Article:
Jayant Sinha flashes victory in Hazaribagh on Friday. Picture by Vishvendu Jaipuriar
Far removed from the air-conditioned world of global finance that he was a part of in the US, if Jayant Sinha’s election debut seems like a dream, it is because everything worked for him till the end.
Fifty-year-old Jayant, soft-spoken son of former external affairs minister and BJP sitting MP from Hazaribagh Yashwant Sinha, has won from Hazaribagh by a record margin of 1,59,128 votes, leaving a once-confident Congress challenger Saurabh Narain Singh, MLA from Hazaribagh Sadar and royal scion, stumped at a distant second.
In 2009, his father defeated Singh by 40,164 votes, a modest enough margin. In 2004, Sinha Senior had suffered the worst drubbing of his political career, losing to CPI’s Bhuvaneshwar Prasad Mehta by 1,06,000 votes. Mehta held Hazaribagh’s record for winning by the biggest margin till Jayant broke it today.
Speaking to The Telegraph, Jayant gave credit to the Modi wave — “it swept aside caste and community politics in favour of development” — and his father’s efforts for his maiden win.
“I want to tell the people of Hazaribagh that I am always there to work for their prosperity. I have announced a six-point development plan on basics such as healthcare, roads and drinking water. My first priority is setting up an advanced hospital here,” he said.
It is a remarkable turnaround in two months. When Sinha decided to field Jayant, he faced flak from within his party.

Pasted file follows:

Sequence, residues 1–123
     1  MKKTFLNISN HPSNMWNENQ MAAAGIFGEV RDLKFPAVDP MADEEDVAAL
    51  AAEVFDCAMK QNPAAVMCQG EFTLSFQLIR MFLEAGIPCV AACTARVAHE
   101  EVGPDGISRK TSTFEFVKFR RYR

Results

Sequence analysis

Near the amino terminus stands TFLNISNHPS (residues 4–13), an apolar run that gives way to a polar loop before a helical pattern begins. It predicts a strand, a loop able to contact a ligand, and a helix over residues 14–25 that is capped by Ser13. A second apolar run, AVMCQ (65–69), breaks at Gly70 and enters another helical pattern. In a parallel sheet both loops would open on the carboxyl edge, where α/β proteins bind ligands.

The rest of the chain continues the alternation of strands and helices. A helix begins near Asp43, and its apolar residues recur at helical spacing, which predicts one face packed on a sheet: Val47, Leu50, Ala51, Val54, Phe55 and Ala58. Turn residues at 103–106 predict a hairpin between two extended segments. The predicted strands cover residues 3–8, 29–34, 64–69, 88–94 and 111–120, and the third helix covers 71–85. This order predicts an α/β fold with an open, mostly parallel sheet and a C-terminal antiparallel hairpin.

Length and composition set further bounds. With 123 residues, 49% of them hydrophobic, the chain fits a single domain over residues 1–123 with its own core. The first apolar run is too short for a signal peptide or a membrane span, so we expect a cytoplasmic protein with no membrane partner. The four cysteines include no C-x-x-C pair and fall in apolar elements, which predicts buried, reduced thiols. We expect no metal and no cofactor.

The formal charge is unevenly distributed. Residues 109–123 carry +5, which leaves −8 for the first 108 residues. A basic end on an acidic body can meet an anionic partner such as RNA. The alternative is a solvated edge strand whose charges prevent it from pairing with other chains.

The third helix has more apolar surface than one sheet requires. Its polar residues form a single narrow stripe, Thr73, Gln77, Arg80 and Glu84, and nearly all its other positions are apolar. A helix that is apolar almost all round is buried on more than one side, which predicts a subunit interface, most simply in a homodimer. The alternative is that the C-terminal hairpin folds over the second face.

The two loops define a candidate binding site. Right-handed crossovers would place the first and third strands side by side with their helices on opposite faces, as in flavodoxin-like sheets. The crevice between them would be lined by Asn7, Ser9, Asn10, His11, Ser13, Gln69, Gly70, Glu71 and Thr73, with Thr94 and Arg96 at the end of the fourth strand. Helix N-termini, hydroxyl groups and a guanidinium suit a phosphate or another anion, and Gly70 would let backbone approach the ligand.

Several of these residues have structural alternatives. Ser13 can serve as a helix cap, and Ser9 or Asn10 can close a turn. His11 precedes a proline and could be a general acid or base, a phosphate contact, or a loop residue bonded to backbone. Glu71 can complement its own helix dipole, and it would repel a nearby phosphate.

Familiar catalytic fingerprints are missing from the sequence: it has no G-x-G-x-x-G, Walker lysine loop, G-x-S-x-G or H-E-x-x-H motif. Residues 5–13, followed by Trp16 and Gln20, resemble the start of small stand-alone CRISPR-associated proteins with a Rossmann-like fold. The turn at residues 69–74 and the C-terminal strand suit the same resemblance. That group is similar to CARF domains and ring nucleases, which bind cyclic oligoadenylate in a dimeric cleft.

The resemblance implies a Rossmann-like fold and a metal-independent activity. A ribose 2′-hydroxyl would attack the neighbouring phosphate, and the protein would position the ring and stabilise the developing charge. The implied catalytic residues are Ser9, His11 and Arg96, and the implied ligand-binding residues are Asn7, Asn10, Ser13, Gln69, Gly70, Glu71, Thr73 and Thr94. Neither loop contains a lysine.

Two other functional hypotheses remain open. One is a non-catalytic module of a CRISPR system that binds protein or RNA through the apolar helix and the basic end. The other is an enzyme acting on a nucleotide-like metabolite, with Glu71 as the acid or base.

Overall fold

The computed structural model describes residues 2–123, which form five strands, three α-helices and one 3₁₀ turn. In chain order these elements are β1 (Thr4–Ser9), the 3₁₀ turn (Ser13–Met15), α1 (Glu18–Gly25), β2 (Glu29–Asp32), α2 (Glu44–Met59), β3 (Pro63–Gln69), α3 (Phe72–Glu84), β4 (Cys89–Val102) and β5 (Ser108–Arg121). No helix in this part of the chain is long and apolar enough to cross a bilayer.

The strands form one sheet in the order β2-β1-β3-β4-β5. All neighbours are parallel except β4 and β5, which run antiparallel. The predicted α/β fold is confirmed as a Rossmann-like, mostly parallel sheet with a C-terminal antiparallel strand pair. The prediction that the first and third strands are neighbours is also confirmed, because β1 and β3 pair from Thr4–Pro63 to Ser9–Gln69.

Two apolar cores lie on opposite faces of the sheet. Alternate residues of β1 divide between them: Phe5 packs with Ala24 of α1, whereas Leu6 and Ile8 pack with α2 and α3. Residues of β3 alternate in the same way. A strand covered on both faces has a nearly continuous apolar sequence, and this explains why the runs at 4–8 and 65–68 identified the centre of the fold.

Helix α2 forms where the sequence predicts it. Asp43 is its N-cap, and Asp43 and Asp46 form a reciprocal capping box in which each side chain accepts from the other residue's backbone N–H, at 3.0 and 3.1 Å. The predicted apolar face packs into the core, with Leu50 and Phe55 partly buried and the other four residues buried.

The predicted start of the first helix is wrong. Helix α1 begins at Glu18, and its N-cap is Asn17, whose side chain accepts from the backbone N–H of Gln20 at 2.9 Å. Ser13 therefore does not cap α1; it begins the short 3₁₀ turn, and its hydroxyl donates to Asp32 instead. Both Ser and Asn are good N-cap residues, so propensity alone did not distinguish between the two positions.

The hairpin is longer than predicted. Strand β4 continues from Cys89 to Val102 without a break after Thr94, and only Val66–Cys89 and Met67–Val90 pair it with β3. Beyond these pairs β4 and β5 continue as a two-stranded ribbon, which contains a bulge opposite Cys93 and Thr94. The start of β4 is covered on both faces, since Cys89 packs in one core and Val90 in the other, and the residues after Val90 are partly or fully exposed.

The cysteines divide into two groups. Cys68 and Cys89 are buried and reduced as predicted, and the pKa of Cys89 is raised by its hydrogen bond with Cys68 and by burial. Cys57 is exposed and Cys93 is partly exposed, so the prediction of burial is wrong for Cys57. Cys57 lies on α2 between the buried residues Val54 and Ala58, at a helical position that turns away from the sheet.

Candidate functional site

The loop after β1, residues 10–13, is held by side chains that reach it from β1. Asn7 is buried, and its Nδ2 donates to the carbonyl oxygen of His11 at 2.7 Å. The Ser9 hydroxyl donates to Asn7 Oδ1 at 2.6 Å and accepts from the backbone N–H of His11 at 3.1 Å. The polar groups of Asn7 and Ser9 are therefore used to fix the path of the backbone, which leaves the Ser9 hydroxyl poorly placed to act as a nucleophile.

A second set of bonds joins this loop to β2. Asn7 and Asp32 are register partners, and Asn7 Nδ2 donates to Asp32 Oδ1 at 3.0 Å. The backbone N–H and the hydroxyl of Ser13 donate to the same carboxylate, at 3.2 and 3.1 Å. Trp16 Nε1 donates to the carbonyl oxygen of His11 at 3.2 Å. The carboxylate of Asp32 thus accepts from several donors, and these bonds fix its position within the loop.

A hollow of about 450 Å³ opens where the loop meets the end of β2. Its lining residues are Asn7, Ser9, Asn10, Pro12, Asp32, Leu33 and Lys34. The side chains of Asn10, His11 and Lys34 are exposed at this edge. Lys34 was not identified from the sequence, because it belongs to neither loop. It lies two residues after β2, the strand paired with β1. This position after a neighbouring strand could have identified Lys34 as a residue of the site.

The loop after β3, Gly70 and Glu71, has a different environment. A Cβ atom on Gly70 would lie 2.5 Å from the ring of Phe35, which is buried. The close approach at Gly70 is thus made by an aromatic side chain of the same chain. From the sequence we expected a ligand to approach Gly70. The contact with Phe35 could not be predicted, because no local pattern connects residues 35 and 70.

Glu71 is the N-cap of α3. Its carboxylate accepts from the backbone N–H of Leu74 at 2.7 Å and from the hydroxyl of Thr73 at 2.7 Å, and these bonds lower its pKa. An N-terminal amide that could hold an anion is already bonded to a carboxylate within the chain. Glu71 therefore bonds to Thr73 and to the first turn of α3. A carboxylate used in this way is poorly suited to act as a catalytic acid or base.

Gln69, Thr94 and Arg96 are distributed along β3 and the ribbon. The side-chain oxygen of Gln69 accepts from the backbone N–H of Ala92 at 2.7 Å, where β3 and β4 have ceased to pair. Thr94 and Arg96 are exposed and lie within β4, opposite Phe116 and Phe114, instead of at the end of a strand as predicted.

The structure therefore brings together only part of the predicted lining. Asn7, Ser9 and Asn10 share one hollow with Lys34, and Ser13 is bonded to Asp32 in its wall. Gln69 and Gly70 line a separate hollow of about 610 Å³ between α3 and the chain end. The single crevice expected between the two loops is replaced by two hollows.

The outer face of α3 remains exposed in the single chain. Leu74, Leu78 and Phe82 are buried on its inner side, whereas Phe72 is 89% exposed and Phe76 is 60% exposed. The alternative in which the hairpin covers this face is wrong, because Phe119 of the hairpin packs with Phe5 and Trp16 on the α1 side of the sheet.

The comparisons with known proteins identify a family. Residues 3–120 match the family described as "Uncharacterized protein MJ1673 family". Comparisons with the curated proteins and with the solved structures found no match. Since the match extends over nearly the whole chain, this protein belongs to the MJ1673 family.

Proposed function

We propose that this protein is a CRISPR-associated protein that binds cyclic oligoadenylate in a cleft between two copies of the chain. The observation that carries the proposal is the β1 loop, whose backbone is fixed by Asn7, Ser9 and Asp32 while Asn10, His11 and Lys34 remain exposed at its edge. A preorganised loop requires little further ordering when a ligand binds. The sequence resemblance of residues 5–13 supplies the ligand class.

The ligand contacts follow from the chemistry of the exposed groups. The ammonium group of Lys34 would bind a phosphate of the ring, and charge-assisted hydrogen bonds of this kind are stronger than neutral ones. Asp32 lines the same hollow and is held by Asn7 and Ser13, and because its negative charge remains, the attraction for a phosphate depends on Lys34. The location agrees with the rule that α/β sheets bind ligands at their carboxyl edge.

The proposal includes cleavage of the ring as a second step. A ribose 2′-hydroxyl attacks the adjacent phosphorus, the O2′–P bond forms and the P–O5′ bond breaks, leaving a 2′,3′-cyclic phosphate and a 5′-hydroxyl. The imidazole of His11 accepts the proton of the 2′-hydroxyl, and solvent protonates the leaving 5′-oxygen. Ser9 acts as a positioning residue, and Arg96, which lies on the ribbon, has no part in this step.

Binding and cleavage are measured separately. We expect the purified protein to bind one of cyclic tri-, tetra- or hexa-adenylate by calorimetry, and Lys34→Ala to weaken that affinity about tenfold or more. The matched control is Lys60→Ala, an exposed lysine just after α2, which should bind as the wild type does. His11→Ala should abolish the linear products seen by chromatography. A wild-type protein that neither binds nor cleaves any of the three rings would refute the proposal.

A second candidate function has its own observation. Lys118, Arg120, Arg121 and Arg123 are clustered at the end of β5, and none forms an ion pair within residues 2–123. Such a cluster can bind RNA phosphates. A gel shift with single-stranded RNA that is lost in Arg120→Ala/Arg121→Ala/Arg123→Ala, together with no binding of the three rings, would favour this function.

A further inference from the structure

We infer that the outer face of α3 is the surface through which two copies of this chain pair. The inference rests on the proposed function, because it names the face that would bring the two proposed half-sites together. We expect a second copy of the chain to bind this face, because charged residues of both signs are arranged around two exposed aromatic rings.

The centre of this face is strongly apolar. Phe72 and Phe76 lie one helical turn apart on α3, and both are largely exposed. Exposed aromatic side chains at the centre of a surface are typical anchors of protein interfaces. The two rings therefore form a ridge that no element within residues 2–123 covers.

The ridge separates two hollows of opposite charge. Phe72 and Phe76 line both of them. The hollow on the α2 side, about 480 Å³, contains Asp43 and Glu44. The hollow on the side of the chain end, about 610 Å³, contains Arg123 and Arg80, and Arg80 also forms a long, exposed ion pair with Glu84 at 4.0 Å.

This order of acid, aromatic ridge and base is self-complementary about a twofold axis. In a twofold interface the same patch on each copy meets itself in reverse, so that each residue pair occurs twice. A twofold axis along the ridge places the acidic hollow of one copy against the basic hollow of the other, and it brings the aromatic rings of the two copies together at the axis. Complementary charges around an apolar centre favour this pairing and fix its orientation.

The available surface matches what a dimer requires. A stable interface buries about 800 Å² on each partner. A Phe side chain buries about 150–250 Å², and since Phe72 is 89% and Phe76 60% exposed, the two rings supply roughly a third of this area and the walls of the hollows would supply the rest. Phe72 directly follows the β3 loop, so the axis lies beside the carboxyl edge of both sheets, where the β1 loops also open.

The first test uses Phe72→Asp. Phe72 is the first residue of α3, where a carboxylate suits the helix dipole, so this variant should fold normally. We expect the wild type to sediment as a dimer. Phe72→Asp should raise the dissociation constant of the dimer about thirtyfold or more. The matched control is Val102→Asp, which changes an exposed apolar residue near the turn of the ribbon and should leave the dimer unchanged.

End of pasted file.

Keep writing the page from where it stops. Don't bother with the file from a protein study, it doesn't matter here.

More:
In March, Jayant, who has degrees from IIT-Delhi, University of Pennsylvania and Harvard, was seen as the privileged outsider, the hi-flying corporate executive with no relation to Hazaribagh’s small town reality of bad roads, healthcare scams and almost no job opportunities for youths.
In his first public appearance after getting his ticket a day before Holi, as he walked towards a dais at a tourist complex ground in Hazaribagh, his nervousness was visible. Local BJP workers were still grumbling about his “foreign degrees”, “outsider status” and how Sinha Senior’s decision to field his son might cost them a strong bastion.
Few knew that Jayant was one of Narendra Modi’s backroom boys. Or that he had been tracking his father’s constituency for a long time. But the management graduate from Harvard showed his hard-selling acumen.
Coining the “ek vote teen fayde” punch line, he said: “Vote for me to get an educated person as an MP, get my father as a guardian and elect Modiji as the Prime Minister of the country.”
It struck a chord among both traditional and new voters.
Also, Sinha Senior knew the Modi wave was becoming a tsunami. Instead of holding on to his seat, the 76-year-old gambled on his hunch that this was the best time to induct his son into political hurly-burly and slip into the role of senior statesman.
Father and son tirelessly worked on their election strategy at their official residence Rishab Vatica in Demotand, some 6km from the town, along with handpicked party workers.
Sinha Senior toured all five Assembly segments — Hazaribagh, Ramgarh, Barhi, Barkagaon and Mandu — meeting masses and talking to booth committee members. Jayant kept reminding people about “ek vote teen fayde”.
“I am happy people voted for Jayant,” Sinha Senior said. “The Modi wave brought big success for party,” he added. On his own role, he said it was for the “party and Modiji” to decide.